The composition of the image has several vertical elements juxtaposed. Next to the two actors standing in the middle, two greenish Tiffany lamps frame the mantlepiece while several other colorful vintage lamps have much fringe on the left side of the still while a red chair, the mantlepiece, and a frame for the fireplace provide the horizontal elements of this low key shot. The left side of Doc’s face is clearly the dominant since it is mostly lit from the left side while the right is in shadow as if from all of those lamps on the left. The scene is firelit with much indirect lighting, giving the moment a warm, homey, old fashioned, comfortable feel with the suggestion of mahogany and Victorian ease, with the green and red pleasantly balanced with one another. The subsidiary contrasts are Doc’s tie, the colorful lamps, Marty’s face, and the pictures of the great men ranged behind him.

Those four pictures all provide a mute commentary that reflect Doc’s heroes, his mentors, and the range of his influences. Isaac Newton figured out many of the major theories about space, time, and motion that are still valid today, and his notions about absolute time would be adjusted by Einstein’s theory of relativity--a relationship between the two men that justifies their positions on the opposite extremes on the mantlepiece. Ben Franklin was both an inventor and a scientist, and Doc and Marty will replicate to some degree Franklin’s discovery of electricity from a kite when they catch lightning from the clock tower to help jump start Marty’s return to 1985. As in the case of Newton and Einstein, Tom Edison, the inventor, shares a relationship with Ben Franklin given the way he took electricity and used it to invent the lightbulb, the telephone, and other machines. Albert Einstein’s discovery of the theory of relativity allows for the complicated interrelation between time and matter that could conceivably lead to time travel. Einstein’s scientific discoveries have elements where time speeds up or slow down depending on one’s travels. The freakish ambiguity of his theories prepares the viewer for Doc’s discoveries in the movie. The science of Back to the Future may lean towards the cartoonish at times, but this scene puts Doc and Marty firmly in the traditions that could produce a time machine.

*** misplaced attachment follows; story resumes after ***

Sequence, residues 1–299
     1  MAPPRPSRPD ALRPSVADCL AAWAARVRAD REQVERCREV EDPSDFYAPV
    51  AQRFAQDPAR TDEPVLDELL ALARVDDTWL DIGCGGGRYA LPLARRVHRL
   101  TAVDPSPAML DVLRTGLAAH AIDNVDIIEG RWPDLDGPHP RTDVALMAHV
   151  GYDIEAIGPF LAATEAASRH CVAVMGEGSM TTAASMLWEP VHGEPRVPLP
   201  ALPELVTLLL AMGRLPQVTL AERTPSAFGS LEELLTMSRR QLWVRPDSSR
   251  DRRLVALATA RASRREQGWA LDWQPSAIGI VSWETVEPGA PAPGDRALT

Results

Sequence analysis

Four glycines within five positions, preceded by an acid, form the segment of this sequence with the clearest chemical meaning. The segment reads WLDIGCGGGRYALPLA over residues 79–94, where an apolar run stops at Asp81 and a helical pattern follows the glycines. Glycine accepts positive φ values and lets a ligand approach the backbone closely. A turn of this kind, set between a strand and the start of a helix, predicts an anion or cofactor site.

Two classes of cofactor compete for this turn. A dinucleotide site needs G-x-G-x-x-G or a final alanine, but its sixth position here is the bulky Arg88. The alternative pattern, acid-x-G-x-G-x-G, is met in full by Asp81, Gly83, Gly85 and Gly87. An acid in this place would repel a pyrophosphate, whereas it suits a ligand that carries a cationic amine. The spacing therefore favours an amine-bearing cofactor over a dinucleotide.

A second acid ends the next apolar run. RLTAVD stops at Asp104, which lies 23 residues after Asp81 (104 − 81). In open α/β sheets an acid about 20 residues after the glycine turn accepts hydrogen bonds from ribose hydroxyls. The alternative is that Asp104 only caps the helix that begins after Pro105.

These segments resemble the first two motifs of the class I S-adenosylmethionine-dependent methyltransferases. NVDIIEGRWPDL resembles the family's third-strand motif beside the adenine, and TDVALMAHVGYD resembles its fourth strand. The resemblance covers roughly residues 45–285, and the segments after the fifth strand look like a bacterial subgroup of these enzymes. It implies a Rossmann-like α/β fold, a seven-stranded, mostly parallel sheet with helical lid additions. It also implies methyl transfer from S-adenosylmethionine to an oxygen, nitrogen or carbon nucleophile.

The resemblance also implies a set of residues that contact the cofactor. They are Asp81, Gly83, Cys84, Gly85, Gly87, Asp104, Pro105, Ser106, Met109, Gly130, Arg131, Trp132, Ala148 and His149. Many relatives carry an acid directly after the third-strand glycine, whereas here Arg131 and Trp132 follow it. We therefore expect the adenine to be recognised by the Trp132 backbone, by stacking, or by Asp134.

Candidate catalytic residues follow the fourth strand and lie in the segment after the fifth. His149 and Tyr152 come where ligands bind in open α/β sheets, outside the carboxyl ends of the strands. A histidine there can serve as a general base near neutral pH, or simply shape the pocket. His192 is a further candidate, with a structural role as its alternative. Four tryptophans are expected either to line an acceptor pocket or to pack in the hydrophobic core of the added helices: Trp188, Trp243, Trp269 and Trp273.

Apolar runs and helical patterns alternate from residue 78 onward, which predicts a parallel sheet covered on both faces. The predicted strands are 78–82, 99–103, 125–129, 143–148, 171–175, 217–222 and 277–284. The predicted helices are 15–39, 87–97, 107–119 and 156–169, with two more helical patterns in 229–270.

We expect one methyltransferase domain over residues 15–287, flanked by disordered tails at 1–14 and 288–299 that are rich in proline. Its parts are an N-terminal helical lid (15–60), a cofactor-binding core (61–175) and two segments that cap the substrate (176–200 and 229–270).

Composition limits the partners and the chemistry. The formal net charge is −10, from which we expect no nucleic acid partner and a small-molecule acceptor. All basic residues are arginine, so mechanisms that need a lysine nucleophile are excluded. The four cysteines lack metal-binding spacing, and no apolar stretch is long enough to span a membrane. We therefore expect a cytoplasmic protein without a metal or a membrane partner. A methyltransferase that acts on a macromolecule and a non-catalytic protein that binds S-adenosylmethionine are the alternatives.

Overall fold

From the still from just a few seconds before the previous one, the fireplace dominates the scene much more, making one realize how much Doc Brown blots out the fire when he has his Eureka moment, as if the flames provided a kind of visual fuel for his discovery. Here, Marty sits in an expectant position in the red chair, subservient to Doc’s ravings and realizations, with both of their faces in profile. The lighting at this moment comes from both the right and left while their faces are in shadow, but the four influential men are clearly in focus along with most everything else in the back end of the living room. Doc holds in his hand the flyer about saving the clock tower that Marty accidentally brought from the future. With that flyer, the filmmakers again used an image to help convey an idea that leads to a discovery.

So, why did Zemeckis and Cundey decide to place this discovery here, in this unexpectedly chummy fireside location? At this point, Doc has seen his future time travelling invention, the DeLorean car, and stored it in his garage. He also watched his future self on the videotape thanks to Marty, so he has every reason to feel good about his future achievements. The living room provides a logical place for the four influential scientists and inventors to line the mantlepiece like a kind of shrine. One could associate fire with one of the first and most important inventions of man that provides our species with an ability to dominate our environment, let alone keep ourselves warm. The fireside atmosphere also conveys a Masterpiece Theater-like visual tradition that runs parallel to the scientific one, a place where Sherlock Holmes could discover a new method for solving crime, or Victorians could read a book in domestic warmth. The glowing scene provides a kind of reassurance that Marty will get a way to return to the future, if only because Doc’s point towards the audience matches his flying car rushing directly at the camera in the film’s final shot.